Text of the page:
Panic. It’s a word and an emotion that conjures images of drastic measures taken to counteract dire circumstances. On the most extreme end, those images are lifeboats being cast from a sinking ship, or workers fleeing an office to escape a fire. On the other far less extreme end but still dire nonetheless, there’s the realization that the freezer is not stocked sufficiently with the required meat to make late night nachos during a game.

There’s always a brief, fleeting moment where logical thought isn’t possible, and then a solution to the problem at hand is found before a whole new problem arises. It’s a cycle, always churning, and always bringing that moment of panic back, again and again. Fans of teams with rookie quarterbacks know the feeling well. Perhaps a little too well.

Generally, I think fans realize that struggles are expected for any rookie quarterback, no matter how highly touted he is, how many shiny trophies he won in college, or how many attractive blonds he has in his hot tub on any given evening. There will be moments of brilliance, and moments of failure. Some rookies will have far more of the former (Cam Newton), while others will get a heavy dose of the latter (Blaine Gabbert).

The curvature of an individual quarterback’s learning is always unique, and always unpredictable, and it’ll be interesting this year to see how frequently Robert Griffin III and Andrew Luck make fans push panic buttons following the success of Newton and Andy Dalton last year, and how much immediate expectations have changed. So far in Washington the Redskins are still waiting to play their first preseason game, and already there’s a hint of panic. Stay seated, everyone, and please remain calm.

Maybe panic is a strong word here, and “worry” is more appropriate. Regardless, after RG3 put together a few days of practice in which his RG3-ness was lacking and he looked merely adequate, there was concern. Is he hitting an imaginary wall of some kind? Is his confidence wavering? Maybe he won’t be the next coming of Jason Campbell.

Never fear, says Rich Tandler. For a quarterback to develop — or any player — he needs to be challenged, and presented with different looks and scenarios. That’s what’s been happening.

From Tandler:

My Twitter timeline is peppered with fans in various stages of panic over reports that Robert Griffin III has not been lighting it up daily at training camp. My stock answer is that it is not surprising that he is not lighting it up.

The Redskins seem to be doing everything they can to challenge Griffin. There are no seven on seven passing drills where Griffin could pick out a receiver at a leisurely pace. He rarely lines up against reserve defenders. Almost every snap he takes in practice is against all 11 members of the Redskins’ first-team defense. Receivers are rarely sent out on deep patters so the defenders know they can crowd the line of scrimmage with impunity.

There is no need for Mike Shanahan to try to build up Griffin’s confidence by cutting him any slack in practice. A player who has a commercial airing about how “greatness is taken” does not have self esteem issues. The Redskins are making him earn every completion and every yard on the ground.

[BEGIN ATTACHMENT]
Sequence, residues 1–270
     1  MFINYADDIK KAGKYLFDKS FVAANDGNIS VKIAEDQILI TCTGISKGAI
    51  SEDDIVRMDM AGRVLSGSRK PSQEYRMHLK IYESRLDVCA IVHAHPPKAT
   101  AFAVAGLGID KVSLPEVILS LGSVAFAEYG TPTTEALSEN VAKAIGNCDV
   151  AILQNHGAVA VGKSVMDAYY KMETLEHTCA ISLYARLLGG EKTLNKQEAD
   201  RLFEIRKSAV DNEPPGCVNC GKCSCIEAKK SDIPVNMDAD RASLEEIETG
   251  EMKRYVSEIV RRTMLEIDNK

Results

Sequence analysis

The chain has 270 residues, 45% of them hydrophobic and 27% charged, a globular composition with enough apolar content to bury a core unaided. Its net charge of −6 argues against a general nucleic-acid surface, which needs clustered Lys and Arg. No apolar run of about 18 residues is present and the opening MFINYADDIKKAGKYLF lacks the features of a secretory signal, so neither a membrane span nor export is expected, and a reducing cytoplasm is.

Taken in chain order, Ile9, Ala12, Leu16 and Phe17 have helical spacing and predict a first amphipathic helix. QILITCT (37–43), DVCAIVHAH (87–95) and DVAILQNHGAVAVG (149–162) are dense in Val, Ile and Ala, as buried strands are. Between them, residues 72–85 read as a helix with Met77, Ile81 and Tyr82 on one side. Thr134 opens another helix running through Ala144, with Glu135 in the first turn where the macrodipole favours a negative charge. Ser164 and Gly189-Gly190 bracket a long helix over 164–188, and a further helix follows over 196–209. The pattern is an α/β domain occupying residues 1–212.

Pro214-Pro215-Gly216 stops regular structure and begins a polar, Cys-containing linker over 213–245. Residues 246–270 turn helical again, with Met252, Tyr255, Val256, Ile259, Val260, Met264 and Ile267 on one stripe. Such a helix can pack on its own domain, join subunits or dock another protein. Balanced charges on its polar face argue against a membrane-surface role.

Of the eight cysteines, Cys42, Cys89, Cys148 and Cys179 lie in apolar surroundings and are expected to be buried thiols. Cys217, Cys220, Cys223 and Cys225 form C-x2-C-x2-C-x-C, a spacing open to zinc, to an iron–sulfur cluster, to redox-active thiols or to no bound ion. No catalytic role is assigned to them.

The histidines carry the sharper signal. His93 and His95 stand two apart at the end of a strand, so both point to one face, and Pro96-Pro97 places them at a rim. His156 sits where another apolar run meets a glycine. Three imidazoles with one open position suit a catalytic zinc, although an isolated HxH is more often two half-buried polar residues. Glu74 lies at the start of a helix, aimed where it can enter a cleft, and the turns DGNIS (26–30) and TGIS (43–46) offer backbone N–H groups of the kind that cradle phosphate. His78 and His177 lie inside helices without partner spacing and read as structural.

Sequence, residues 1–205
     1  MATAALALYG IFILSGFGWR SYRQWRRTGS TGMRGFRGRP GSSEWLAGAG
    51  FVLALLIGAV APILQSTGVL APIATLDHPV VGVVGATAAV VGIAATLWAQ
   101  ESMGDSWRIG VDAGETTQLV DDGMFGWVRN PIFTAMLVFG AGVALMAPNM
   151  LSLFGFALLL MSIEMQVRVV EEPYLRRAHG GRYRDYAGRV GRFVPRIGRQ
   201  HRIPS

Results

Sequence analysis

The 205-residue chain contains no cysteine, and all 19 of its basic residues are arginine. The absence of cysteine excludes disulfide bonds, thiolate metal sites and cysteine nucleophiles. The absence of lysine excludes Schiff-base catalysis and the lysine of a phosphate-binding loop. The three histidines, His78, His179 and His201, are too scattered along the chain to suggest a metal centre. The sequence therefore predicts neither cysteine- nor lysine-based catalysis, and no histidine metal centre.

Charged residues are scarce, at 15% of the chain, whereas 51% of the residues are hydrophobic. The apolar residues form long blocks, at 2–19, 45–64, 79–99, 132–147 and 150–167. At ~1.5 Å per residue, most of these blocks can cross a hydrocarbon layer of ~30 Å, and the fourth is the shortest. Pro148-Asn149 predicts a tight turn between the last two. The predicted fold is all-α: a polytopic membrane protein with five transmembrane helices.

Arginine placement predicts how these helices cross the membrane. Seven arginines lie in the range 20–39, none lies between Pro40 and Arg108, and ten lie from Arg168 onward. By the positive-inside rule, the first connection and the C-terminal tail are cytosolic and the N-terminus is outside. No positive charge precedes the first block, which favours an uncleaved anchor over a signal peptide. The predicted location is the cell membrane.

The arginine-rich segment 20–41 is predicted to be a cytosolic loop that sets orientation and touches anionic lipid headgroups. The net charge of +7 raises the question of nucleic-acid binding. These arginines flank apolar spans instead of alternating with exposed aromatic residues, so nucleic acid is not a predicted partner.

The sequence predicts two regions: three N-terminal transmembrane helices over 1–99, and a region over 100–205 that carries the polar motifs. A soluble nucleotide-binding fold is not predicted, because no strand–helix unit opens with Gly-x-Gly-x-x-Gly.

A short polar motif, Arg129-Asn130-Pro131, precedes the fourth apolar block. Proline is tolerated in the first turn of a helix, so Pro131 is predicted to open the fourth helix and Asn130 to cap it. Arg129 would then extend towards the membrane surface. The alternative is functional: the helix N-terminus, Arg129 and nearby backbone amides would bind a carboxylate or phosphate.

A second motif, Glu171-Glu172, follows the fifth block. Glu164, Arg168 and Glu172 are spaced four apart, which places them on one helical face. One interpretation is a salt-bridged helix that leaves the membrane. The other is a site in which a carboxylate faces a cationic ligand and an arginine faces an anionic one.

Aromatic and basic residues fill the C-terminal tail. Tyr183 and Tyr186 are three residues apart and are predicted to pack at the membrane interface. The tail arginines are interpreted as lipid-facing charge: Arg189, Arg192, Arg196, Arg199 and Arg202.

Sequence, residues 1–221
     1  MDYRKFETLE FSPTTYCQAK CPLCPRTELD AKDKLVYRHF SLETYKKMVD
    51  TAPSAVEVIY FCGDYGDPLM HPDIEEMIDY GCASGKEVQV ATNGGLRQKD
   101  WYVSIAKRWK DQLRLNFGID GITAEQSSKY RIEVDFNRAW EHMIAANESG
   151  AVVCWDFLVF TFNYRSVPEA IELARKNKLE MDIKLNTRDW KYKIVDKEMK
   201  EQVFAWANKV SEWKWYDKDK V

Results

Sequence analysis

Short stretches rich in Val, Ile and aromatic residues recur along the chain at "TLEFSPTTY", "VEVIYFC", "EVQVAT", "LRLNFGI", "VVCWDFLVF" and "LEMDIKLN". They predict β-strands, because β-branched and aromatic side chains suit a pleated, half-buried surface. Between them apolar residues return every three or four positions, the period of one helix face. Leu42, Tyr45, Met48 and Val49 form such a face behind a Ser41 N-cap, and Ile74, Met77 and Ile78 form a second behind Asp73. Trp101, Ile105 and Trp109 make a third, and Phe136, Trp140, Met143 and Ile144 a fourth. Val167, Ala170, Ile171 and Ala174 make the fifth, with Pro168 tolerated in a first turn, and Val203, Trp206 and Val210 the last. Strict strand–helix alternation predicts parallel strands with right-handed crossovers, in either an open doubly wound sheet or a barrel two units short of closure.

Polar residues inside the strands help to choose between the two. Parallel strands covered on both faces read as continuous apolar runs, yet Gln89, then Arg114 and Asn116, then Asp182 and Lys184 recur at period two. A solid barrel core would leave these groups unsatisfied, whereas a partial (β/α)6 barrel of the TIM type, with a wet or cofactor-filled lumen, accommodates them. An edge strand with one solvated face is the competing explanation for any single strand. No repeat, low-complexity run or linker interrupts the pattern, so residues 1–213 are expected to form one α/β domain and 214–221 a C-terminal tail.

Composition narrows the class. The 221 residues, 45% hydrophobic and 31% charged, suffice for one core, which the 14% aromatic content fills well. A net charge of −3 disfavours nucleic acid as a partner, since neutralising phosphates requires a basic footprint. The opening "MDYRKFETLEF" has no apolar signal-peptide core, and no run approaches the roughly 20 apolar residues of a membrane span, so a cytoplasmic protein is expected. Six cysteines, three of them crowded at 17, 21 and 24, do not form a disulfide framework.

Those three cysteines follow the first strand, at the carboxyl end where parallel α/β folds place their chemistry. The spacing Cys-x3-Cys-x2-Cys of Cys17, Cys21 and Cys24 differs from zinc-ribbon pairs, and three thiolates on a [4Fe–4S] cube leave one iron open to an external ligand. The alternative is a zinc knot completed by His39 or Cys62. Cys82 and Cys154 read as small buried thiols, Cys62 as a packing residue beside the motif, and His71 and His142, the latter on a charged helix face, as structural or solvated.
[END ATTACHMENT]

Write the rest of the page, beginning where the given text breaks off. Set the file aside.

A year ago at this time there was significant panic over Newton, and his lackluster performance first during camp drills, and later throughout his preseason appearances when he completed only 42.1 percent of his passes on 57 attempts. His performance once games mattered is well documented: over 400 passing yards in each of his first two games, the most passing yards by a rookie, and the offensive rookie of the year award.

He did alright, and that uncertain start quickly became a memory.

And now the links part of the links post…

  • As expected, this week Shannon Eastin will make league history and become the first female to officiate a game. Since there are people in this world who prefer to live in caves with only cloth covering their private areas and a variety of bones to eat as meals, Eastin’s upcoming appearance on an NFL field has caused anger. It’s the epitome of herp derpism. [Shutdown Corner]
  • So will the Steelers ever even entertain the idea of trading Mike Wallace? Nope, Never. Not happening. [Pittsburgh post-Gazette]
  • As Maurice Jones-Drew’s holdout continues, there was finally positive news down in Jacksonville as Justin Blackmon made his training camp debut. As expected his development will be slow, especially with the CBA rules stating that he can’t practice in pads until his fourth day in camp. Consequently, that means Blackmon will sit out the Jaguars’ preseason opener this week against the Giants, and won’t play in his first NFL game until next Friday. [Florida Times-Union]
  • Von Miller managed to pressure the quarterback on 15.17 percent of his snaps last season. Yeah, his rookie year was alright. [Pro Football Focus]
  • Terrell Owens will wear No. 10 in Seattle. So go crazy, Seahawks fans, and buy his jersey, because Owens’ ability to make you buy stuff has always been one of his greatest skills. [PFT]
  • Andy Reid will return to practice just three days after the death of his son. [Philadelphia Inquirer]
  • Michael Crabtree spoke to the media for the first time since the invention of the wheel, and he reassured everyone that his injury isn’t voice related. He’ll likely play Friday in San Francisco’s preseason opener. [Niners Nation]
  • Tim Tebow took two reps with the first team offense this morning and completed a 60-yard bomb to Patrick Turner over Antonio Cromartie (*panics, removes all clothing, runs around office*) [Jenny Ventras on Twitter]